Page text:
Monday, November 26, 2007

Poets in Port, April 25, 2008

Poets in Port will feature Gladys Henderson at 7:30 pm on Friday, April 25, 2008 at Caffé Portofino, 249 Main St., Northport, opposite the theatre. There will also be an Open Reading — the audience is encouraged to bring their poems and participate. For more information, contact Steven Schmidt.

Gladys Henderson runs poetry workshops for Live Poets, based in Islip and the Poets Circle at the Graphic Eye Art Gallery in Port Washington and co-hosts a poetry reading venue at the Cool Beanz coffee house in Saint James, New York.

An award winning poet, in 2004 she was awarded first prize in the Live Poets, Mid-Island Y JCC, and Ronkonkoma Productions poetry competitions. In 2005 she won first place in the Farmingdale Poetry Group and Performance Poetry contests. For the year 2006, she received first place in the Ronkonkoma Productions competition and was a finalist for the Paumanok Poetry Award 2006.

Gladys Henderson’s poems have been published in: For Loving Precious Beast, Kaleidoscope, Long Island Dreams, Long Island Sounds, Lyrismos, Midwestern University Quarterly, Oberon, Performance Poets Anthologies, Robert Frost Participant Anthologies and The Light of City and Sea. In addition for fall 2007, her poems were selected to appear in Songs of Seasoned Women, PAUMANOK: Poetry and Pictures of Long Island, and Primal Sanities. Her chapbook, Eclipse of Heaven, has been selected for publication by Finishing Line Press, Georgetown, Kentucky and will be released in April 2008. It can be ordered here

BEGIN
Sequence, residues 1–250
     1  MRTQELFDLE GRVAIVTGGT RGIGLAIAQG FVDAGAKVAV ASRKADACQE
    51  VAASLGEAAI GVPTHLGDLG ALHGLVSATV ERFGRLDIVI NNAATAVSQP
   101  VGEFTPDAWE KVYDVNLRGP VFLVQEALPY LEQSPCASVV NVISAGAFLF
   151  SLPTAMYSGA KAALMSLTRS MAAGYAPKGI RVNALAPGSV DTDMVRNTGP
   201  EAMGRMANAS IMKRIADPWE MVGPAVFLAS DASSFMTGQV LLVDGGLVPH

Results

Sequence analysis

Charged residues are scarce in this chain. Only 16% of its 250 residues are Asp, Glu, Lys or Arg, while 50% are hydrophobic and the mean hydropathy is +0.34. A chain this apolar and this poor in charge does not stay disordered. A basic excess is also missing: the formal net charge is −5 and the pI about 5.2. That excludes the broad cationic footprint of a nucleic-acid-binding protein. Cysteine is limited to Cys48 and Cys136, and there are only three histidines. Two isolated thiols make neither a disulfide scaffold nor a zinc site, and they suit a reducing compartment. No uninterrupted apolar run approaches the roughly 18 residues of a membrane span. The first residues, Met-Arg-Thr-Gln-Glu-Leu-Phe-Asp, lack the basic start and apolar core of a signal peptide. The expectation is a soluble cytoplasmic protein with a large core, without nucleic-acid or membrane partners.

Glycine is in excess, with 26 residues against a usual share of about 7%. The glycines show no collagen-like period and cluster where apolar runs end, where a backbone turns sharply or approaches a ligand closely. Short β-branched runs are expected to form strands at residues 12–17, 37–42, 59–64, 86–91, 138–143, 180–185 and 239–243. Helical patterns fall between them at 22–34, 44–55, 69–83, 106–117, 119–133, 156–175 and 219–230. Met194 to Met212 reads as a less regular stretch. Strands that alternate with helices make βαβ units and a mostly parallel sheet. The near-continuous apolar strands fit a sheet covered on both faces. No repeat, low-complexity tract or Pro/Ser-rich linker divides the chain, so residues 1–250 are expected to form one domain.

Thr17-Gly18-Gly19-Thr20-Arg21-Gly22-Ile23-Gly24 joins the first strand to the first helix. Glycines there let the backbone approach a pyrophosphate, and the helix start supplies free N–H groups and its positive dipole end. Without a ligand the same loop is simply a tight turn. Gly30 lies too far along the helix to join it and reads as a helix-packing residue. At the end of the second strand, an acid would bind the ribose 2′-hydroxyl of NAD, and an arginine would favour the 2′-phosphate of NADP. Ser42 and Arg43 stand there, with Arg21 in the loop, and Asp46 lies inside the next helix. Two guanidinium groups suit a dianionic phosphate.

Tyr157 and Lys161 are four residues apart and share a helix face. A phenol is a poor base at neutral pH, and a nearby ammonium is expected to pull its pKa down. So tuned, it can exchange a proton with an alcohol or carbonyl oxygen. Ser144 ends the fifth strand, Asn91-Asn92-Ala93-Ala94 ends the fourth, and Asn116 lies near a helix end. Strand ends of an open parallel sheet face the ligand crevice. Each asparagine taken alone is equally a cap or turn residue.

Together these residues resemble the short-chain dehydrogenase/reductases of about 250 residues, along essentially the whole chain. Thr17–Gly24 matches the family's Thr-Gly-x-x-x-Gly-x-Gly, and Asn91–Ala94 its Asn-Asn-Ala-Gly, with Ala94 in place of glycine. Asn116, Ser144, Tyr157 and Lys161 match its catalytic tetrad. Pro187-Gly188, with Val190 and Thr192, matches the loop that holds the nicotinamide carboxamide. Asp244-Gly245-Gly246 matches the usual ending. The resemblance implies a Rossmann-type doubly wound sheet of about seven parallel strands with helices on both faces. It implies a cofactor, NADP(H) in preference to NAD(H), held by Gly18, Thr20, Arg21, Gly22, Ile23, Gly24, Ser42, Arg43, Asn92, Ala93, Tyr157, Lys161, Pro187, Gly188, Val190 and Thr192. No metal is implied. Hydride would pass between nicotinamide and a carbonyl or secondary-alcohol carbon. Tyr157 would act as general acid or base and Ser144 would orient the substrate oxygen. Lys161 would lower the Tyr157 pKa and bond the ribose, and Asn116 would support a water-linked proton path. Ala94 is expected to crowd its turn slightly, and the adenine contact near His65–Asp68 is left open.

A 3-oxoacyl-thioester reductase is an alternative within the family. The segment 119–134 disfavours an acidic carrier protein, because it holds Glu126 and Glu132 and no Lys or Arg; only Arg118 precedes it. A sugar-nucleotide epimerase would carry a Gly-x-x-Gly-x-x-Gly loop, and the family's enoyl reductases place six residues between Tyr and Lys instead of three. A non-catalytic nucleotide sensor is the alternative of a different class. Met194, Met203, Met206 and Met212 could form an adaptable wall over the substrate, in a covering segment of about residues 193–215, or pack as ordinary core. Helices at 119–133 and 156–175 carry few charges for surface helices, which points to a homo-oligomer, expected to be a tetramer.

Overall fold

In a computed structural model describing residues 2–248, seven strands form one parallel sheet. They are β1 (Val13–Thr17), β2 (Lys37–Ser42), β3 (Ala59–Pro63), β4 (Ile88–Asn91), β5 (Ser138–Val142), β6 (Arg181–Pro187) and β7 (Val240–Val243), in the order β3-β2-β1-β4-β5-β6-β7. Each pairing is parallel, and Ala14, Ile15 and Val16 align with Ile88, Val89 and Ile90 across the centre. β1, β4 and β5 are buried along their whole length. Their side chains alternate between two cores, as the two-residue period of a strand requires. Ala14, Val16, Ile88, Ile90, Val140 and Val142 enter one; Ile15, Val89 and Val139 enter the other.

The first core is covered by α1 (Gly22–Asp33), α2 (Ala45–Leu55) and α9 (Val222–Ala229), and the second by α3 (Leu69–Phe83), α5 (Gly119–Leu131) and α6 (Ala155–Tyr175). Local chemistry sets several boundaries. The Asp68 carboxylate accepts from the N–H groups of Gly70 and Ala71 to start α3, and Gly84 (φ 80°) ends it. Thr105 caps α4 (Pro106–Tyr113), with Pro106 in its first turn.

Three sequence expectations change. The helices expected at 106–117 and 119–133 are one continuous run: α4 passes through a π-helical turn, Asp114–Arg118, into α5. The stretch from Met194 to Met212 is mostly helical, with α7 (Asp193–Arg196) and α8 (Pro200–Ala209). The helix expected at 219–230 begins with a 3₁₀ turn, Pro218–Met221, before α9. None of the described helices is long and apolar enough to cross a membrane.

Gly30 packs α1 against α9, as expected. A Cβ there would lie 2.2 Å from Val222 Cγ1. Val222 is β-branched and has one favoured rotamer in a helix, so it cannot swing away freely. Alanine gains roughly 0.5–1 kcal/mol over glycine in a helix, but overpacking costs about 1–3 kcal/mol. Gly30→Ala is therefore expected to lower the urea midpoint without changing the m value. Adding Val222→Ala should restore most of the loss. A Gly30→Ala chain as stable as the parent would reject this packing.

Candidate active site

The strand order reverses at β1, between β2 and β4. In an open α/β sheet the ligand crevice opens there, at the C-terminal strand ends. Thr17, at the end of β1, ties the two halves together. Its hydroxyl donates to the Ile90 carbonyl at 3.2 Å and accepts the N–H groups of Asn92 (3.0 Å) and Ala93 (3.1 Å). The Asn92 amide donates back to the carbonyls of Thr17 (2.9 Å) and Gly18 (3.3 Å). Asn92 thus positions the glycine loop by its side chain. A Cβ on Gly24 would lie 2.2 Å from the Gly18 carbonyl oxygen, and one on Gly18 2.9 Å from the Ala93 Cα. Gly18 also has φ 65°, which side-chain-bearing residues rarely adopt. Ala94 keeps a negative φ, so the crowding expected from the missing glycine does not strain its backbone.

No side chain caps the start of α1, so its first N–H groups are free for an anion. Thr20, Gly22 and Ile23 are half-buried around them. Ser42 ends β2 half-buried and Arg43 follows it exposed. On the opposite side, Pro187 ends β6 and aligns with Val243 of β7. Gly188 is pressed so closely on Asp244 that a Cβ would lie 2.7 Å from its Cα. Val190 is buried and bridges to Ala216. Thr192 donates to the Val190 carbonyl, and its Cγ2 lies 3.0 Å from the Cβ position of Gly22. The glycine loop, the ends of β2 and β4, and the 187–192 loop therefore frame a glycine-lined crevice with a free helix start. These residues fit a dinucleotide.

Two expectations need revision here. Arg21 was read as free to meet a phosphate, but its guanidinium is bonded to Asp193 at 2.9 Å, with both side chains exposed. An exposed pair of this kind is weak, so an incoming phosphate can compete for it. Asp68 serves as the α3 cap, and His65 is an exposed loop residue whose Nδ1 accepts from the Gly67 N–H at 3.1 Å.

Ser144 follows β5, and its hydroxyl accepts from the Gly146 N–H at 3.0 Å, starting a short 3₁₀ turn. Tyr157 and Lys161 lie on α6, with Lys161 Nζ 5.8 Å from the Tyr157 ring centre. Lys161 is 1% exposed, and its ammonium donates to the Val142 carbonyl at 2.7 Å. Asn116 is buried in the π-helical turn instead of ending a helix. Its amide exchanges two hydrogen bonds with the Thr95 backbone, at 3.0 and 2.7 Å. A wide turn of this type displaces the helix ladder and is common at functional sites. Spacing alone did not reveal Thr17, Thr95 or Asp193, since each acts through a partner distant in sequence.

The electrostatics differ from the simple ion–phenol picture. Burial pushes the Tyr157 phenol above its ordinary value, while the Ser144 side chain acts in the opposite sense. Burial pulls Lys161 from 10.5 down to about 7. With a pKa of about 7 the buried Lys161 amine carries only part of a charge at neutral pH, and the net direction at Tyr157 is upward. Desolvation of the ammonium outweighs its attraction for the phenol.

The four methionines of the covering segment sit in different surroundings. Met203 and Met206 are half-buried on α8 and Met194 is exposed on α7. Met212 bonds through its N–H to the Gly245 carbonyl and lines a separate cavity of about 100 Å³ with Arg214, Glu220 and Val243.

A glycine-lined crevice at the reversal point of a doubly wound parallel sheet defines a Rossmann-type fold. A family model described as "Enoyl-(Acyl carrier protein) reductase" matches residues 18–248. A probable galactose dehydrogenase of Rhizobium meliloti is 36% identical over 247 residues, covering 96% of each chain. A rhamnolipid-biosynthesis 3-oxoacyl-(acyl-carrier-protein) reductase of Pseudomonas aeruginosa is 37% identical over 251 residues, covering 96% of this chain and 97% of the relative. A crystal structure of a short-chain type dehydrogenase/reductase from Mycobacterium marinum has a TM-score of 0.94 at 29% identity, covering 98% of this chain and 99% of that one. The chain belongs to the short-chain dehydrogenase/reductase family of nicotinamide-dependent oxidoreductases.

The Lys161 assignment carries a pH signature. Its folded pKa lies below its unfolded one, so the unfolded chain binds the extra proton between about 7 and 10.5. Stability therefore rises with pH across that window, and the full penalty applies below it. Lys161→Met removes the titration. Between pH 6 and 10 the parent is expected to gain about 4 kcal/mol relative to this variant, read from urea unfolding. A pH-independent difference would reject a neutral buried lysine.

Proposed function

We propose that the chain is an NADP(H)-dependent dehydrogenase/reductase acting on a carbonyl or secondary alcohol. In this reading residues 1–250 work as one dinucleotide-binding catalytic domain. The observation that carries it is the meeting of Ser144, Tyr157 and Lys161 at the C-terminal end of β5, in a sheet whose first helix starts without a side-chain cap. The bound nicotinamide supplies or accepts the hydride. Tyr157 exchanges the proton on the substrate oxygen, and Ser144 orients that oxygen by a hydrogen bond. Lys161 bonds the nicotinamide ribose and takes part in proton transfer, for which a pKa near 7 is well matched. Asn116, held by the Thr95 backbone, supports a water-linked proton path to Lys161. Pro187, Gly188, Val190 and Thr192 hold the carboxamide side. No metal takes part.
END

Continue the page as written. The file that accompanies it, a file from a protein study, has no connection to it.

She can be seen reading at Poetry VLog.

A Nine Year Old Prepares Dinner

You have been alone,
in the kitchen below the lights
kept dim, and sliced your finger
cutting raw onions for dinner
while they argued
and wrangled and never
saw that finger, although
you showed it to them twice —
the cut so deep you couldn’t
stop its bleeding, found
scrap sheets in the bottom
of the closet, ripped them
with your mouth and free hand,
like a soldier in a war movie,
and wrapped the wound,
until the top grew white
as though nothing had happened —
and went back to cooking
the dinner, the one you would
eat in silence, your finger throbbing
on the table, their leftover words
breaking the quiet, your blood
seeping through the bandage,
while your father, the first aider,
mumbled under his sherried lips.
You have been alone, invisible,
danced for them a thousand
times. In the morning the blood
flow stopped and your mother
asked to take a glance. It was a gash
that looked mean, reeked of onions.
She recoiled, turned away and went
on outside to feed the quail.

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